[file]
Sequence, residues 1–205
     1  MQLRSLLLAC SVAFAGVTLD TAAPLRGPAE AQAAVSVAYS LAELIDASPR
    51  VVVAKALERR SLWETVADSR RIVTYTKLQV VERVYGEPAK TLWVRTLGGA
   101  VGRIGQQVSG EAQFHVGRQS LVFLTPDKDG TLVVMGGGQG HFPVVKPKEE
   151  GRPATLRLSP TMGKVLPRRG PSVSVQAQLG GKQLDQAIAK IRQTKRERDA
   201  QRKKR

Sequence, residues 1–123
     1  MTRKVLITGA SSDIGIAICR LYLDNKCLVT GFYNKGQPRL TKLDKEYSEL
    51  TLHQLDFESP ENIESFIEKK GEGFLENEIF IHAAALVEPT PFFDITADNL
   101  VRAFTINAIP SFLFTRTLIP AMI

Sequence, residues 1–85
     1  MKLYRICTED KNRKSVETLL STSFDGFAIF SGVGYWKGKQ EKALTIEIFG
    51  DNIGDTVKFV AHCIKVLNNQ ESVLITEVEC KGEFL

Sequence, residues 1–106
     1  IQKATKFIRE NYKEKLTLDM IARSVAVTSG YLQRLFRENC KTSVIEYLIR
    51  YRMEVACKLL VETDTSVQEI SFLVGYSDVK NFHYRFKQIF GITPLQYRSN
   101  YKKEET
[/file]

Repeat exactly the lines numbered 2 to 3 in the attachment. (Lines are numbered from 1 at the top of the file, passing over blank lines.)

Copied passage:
     1  MQLRSLLLAC SVAFAGVTLD TAAPLRGPAE AQAAVSVAYS LAELIDASPR
    51  VVVAKALERR SLWETVADSR RIVTYTKLQV VERVYGEPAK TLWVRTLGGA